Which moral exemplars inspire prosociality?

Philosophical Psychology:1-28 (forthcoming)
Download Edit this record How to cite View on PhilPapers
Abstract
Some stories of moral exemplars motivate us to emulate their admirable attitudes and behaviors, but why do some exemplars motivate us more than others? We systematically studied how motivation to emulate is influenced by the similarity between a reader and an exemplar in social or cultural background (Relatability) and how personally costly or demanding the exemplar’s actions are (Attainability). Study 1 found that university students reported more inspiration and related feelings after reading true stories about the good deeds of a recent fellow alum, compared to a famous moral exemplar from decades past. Study 2A developed a battery of short moral exemplar stories that more systematically varied Relatability and Attainability, along with a set of non-moral exemplar stories for comparison. Studies 2B and 2C examined the path from the story type to relatively low stakes altruism (donating to charity and intentions to volunteer) through perceived attainability and relatability, as well as elevation and pleasantness. Together, our studies suggest that it is primarily the relatability of the moral exemplars, not the attainability of their actions, that inspires more prosocial motivation, at least regarding acts that help others at a relatively low cost to oneself.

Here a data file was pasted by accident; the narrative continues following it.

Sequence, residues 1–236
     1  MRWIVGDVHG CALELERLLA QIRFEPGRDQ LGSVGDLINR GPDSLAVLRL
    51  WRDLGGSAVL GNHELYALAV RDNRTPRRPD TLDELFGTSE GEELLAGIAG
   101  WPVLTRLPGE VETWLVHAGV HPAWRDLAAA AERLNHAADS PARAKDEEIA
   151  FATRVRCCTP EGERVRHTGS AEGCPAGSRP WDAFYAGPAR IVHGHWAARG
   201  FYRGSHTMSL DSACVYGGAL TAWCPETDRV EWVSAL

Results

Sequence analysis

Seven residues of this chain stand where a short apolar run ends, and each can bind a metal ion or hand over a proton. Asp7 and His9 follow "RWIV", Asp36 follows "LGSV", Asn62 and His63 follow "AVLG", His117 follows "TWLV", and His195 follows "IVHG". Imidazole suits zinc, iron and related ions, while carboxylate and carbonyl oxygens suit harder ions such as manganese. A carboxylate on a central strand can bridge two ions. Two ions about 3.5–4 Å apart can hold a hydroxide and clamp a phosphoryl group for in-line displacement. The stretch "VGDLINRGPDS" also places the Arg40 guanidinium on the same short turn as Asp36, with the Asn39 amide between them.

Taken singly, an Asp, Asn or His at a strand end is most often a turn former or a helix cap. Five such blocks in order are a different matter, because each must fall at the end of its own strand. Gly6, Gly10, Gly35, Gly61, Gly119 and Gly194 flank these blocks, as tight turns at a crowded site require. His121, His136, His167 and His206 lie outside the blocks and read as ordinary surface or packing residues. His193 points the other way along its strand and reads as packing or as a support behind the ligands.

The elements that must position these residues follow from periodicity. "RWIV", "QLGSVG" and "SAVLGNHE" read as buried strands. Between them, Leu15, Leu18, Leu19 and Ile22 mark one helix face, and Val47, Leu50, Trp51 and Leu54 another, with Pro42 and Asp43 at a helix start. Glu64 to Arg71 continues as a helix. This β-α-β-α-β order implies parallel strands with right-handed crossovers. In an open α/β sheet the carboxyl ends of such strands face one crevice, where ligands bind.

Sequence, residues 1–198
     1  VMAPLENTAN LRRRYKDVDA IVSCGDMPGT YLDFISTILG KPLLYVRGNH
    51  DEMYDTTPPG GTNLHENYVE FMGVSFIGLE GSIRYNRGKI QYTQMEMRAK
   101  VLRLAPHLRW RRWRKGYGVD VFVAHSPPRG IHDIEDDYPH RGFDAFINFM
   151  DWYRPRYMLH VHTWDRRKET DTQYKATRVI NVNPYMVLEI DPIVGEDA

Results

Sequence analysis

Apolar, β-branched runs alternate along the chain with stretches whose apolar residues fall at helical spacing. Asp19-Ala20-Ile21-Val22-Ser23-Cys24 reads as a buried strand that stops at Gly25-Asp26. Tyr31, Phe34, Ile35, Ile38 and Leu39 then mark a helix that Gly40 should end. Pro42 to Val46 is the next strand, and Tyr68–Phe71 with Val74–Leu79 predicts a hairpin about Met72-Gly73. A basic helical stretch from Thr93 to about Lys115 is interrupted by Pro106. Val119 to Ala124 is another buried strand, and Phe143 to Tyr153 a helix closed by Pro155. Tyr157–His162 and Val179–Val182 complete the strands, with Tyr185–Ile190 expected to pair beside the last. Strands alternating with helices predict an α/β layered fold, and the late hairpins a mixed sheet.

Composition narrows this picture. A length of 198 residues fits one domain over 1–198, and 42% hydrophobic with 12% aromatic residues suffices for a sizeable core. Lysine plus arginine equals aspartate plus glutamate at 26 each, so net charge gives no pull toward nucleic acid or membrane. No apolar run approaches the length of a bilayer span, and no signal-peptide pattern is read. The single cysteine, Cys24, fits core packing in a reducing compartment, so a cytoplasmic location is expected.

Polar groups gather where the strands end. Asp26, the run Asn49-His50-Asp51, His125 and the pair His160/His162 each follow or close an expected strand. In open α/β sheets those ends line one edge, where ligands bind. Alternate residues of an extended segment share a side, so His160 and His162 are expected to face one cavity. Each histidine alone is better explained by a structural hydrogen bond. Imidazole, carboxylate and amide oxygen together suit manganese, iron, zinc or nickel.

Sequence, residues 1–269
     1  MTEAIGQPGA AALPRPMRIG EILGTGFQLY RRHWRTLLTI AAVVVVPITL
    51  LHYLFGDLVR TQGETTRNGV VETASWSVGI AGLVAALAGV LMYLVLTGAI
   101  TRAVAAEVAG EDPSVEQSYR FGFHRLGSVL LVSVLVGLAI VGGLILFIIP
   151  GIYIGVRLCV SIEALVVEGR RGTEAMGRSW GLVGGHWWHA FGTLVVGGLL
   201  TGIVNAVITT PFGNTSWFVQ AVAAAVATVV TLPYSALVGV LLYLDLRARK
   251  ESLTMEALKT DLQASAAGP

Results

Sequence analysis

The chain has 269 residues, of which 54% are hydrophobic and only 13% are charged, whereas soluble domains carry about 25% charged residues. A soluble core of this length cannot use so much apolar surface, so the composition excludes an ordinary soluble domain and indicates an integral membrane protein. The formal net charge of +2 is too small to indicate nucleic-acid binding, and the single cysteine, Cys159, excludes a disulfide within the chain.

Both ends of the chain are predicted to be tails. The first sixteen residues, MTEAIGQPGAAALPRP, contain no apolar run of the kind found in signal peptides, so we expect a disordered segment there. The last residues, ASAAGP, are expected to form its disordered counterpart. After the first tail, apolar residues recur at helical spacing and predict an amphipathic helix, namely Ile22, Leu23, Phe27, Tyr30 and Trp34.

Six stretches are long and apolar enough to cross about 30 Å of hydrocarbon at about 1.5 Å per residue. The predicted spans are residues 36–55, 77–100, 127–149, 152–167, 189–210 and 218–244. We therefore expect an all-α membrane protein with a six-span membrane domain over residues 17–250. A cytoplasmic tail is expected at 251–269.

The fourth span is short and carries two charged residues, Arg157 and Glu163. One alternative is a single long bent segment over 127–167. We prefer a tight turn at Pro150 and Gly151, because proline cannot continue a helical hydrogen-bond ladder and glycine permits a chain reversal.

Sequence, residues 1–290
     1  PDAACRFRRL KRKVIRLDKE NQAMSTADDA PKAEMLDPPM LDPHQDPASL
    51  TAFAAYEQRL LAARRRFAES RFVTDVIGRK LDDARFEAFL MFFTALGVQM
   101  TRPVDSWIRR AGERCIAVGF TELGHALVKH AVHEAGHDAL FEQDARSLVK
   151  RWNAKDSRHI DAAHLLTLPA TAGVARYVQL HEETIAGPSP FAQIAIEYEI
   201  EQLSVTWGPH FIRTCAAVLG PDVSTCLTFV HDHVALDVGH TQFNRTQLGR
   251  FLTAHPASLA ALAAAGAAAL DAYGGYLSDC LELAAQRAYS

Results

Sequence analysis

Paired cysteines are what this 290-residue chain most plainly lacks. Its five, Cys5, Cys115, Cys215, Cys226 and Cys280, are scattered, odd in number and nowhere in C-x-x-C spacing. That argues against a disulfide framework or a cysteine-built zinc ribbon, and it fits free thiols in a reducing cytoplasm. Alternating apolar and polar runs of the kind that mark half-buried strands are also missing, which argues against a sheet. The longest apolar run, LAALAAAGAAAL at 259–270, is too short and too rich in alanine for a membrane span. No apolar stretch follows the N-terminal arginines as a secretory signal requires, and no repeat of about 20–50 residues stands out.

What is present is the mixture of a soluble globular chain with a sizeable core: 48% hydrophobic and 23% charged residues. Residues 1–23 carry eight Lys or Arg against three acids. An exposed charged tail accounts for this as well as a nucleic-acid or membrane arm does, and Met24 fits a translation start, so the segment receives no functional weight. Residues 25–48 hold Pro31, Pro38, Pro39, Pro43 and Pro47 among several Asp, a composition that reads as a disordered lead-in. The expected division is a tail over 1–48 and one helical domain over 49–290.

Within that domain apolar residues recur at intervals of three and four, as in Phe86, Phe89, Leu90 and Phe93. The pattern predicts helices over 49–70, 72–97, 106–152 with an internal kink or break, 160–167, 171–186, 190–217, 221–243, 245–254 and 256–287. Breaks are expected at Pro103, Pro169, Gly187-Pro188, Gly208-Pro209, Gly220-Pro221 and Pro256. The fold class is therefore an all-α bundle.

PhilPapers/Archive ID
HANWME-2
Upload history
Archival date: 2022-01-20
View other versions
Added to PP index
2022-01-20

Total views
164 ( #41,231 of 71,421 )

Recent downloads (6 months)
90 ( #7,995 of 71,421 )

How can I increase my downloads?

Downloads since first upload
This graph includes both downloads from PhilArchive and clicks on external links on PhilPapers.